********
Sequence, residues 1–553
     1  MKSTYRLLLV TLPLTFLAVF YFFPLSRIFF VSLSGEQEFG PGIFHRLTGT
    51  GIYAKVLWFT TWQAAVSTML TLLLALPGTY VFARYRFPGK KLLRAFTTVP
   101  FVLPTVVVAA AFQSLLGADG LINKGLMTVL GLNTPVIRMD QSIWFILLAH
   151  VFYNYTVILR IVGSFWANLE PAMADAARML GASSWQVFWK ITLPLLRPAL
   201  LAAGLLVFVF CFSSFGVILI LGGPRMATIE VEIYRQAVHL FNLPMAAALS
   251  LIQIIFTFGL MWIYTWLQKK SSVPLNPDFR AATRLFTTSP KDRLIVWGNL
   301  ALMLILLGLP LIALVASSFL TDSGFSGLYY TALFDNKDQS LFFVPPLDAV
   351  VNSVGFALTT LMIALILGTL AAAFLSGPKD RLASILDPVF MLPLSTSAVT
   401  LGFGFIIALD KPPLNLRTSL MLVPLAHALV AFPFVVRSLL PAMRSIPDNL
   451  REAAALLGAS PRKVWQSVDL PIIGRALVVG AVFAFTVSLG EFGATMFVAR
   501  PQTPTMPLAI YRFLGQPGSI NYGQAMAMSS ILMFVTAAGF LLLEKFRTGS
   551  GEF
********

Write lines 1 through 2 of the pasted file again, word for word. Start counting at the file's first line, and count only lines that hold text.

Sequence, residues 1–553
     1  MKSTYRLLLV TLPLTFLAVF YFFPLSRIFF VSLSGEQEFG PGIFHRLTGT